Saturday, 29 May 2010

AWI Barn

Here are some pictures of the finished conversion to the model livery stable. This has been in my collection for many years, but I have always struggled to find in interesting. Hopefully the new look will encourage me to put it onto the table more often. Using the "fly swatter" windows means that it matches the style of the other AWI buildings.
See you tomorrow at Partizan!

cheers.


Friday, 28 May 2010

Courthouse almost finished

There is still some tidying up to do, but here is the almost finished model of the Mecklenburg County Courthouse. I'm not sure about the yellow door, but otherwise I'm pretty pleased with the result.

There is space for troops to be places in the marketplace under the building, or the building can be used without the pillars.

Approximate dimensions are as follows:

Length: 19cm
Depth: 14cm
Wall height: 5cm
Roof apex from bottom of wall: 10cm

Pillar height: 4cm







As well a the courthouse I have also tarted up a "Hovels" livery stable by adding some bits and pieces to help it fit in with the other AWI buildings. Construction is about done, so I'll get some paint on it tomorrow.









Don't forget, it is Partizan on Sunday at Kelham Hall near Newark, Notts (UK, not New Jersey). I'll be generally helping around the show and playing the 1930s Abysinia game. See you there!

Sunday, 23 May 2010

Hello all,

Here is the almost finished river section of my terrain boards. Just another few coats of varnish to go on the river. As today has been so hot, I should get about 10 coats on in total. This would normally take a couple of weeks in the cooler weather!












Here is a shot of the halfway finished Mecklenburg County Court House, standing on its brick pillars. The windows are make by cutting up a fly-swatter (75p each on sale) - thanks to John D for the tip!

The walls are made from foamcore, with ceral box card used for the planking on the outside. The windows have a lintel and widowsill made from matchsticks and the rest of the fram is completed with more cardboard. The chimney and brick pillars are made from dense polystrene foam, embossed using an old biro.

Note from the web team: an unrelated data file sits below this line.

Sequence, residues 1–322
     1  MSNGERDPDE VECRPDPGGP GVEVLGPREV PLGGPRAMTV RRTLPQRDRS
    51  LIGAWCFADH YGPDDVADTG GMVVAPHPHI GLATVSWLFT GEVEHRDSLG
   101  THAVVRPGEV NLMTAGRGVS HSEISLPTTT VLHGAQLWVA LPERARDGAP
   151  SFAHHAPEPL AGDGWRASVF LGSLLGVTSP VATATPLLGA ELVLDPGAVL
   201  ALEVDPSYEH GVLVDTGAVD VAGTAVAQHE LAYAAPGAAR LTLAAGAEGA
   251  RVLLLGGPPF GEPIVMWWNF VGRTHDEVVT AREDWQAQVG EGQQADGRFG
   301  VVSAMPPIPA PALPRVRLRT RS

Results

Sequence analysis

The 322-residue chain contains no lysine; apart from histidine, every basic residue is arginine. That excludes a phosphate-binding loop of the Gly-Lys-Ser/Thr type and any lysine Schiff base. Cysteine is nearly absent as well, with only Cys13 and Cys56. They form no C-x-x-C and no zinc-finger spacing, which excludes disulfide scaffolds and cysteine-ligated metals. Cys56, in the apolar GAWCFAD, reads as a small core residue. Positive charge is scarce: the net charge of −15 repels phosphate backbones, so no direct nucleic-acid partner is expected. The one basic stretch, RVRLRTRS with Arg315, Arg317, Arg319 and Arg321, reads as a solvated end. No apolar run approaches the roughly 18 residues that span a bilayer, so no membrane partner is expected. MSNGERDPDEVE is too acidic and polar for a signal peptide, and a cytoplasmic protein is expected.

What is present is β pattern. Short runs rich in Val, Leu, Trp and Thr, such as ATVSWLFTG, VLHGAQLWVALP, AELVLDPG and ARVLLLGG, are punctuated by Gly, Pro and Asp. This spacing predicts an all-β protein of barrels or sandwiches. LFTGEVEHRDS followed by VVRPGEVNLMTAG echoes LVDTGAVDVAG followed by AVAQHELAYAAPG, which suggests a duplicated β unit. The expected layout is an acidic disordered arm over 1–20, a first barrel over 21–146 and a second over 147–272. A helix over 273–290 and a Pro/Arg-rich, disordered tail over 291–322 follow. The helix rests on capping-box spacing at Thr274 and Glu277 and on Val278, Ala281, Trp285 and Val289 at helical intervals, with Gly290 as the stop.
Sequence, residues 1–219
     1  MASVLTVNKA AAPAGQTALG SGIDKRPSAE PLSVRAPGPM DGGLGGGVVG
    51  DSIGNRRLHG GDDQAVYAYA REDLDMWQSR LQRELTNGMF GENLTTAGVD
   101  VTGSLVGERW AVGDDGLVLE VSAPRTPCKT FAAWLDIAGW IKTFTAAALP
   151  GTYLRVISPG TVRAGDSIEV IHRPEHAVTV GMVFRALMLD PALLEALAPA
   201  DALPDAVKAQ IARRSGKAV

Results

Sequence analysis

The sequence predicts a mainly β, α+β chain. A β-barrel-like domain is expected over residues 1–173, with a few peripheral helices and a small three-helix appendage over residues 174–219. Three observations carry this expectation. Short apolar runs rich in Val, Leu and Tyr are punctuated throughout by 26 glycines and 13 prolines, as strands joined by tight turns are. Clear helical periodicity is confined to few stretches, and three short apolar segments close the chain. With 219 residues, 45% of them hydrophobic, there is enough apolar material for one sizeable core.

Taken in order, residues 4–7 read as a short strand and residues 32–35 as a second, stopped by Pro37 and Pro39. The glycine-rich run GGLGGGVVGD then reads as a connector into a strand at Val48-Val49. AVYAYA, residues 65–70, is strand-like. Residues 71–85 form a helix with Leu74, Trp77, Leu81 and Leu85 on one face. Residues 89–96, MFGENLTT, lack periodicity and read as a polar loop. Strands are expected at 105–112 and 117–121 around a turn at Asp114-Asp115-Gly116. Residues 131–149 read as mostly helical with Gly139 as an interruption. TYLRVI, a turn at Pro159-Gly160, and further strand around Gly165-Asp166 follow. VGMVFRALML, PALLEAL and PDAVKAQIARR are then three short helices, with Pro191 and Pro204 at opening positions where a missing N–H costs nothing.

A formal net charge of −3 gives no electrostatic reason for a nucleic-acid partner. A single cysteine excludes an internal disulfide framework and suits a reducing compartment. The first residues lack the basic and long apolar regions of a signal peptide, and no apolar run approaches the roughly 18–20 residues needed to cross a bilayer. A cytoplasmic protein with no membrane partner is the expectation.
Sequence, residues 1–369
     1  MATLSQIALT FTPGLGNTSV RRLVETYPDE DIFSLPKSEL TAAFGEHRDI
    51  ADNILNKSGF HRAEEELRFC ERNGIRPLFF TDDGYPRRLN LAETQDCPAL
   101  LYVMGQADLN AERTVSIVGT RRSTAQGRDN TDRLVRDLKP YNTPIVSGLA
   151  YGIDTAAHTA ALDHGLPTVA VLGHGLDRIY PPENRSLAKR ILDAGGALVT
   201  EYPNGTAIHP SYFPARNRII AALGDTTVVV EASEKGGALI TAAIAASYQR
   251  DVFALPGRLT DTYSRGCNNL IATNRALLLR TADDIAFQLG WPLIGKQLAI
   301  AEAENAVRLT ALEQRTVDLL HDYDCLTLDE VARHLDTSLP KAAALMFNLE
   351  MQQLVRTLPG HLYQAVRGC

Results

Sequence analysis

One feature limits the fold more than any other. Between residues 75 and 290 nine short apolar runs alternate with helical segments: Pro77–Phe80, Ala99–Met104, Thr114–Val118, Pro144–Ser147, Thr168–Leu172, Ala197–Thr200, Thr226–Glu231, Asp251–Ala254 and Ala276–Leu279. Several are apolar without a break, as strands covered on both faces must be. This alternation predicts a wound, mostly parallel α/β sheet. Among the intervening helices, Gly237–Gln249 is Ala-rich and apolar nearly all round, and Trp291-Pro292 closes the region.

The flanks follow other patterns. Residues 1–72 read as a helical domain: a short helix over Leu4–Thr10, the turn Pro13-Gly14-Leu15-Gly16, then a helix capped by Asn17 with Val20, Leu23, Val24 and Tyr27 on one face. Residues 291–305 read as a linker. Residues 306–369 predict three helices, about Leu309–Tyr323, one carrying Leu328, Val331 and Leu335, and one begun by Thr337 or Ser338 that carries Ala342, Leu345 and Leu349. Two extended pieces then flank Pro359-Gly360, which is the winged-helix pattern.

...and a sot from later on as the roof starts to come together. Looks like a few evenings' work to get this finished off.













That's it for now

cheers

Thursday, 20 May 2010

Last night...



...we played "Empires of the Ancient World" at the club. We played this a few times when it first came out in 2000, but it has languished in a cupboard. I dragged it out a fortnight ago and we had a good game and did the same again last night.

This really is a very good game, very replayable and with a good balance of military, diplomatic and economic strategy. If you can find a copy it is well worth having. 3-5 players, games last about 2 hours.

On the AWI terrain front, I have finished the current batch of fences, am just painting up the 8th terrain board (river and cliffs) - and will take a pause there. I have also started construction of a building; my interpretation of the Mecklenburg County Court House circa 1780. This is described as a frame building supported on eight 10-foot high brick pillars to make a marketplace. The gaps between pillars were filled in by a low stone wall. The courthouse was defenced by the patriot forces at the Battle of Charlotte that follwed Camden. I think this will be quite a unique piece among the "usual" AWI buidlings for the southern campaigns.

My first headache was how to make brick pillars (on the cheap, obviously). I solved this by cutting sections out of the dense polystyrene foam I had left from making by 6mm Wagram terrain boards last year. These then had a brick pattern scribed in using an old biro. When guled to a base with PVA these look just right, but will need a coat of PVA and paint to enable them to withstand the rigours of gaming (and storage). The stone walls will be made from gravel. Photos at the weekend of work-in-progress with any luck.

cheers

Saturday, 15 May 2010

Terrain Workshop update

No pictures today, work continues on the fences and the terrain board with a river carved in. Hope to get all the terrain finished in the next week and then get a game set up and photographed...

Sunday, 2 May 2010

Terrain Workshop IV

Some further work in progress.

First, the ongoing production line of rail fences. These are being based on some stripwood I bought that has bevelled edges (4mm thickness). The rocks are aquarium gravel and the posts and rails are made from matchsticks "roughed up" with a craft knife:

Some more fences here. These will eventually become picket-fences:
Here are some finished boards. All of the boards have patches of light flock in the corners so that they match up like geomorphic boardgame maps:

Here is an almost finished board with a small ravine carved in, filled with bushes etc.


Lastly, the start of a board into which I am carving a river. The basic watercourse was carved out with a screwdriver and craft knife, then filled in with plaster filler. The rock faces are made with cork bark. I managed to buy a large piece of bark for £15 from my local petshop the other week. This is much cheaper than the small pieces you can get for model railways. It cuts quite easily with either a ripsaw or pullsaw. Still a LOT of work to do on this one. This is a corner-bend of a river, I might also make a straight piece. I did consider simply buying a ready-made river board from TSS, but I think they look a bit too artificial as the rivers don't wiggle around enough.


Cheers!



More work-in-progress shots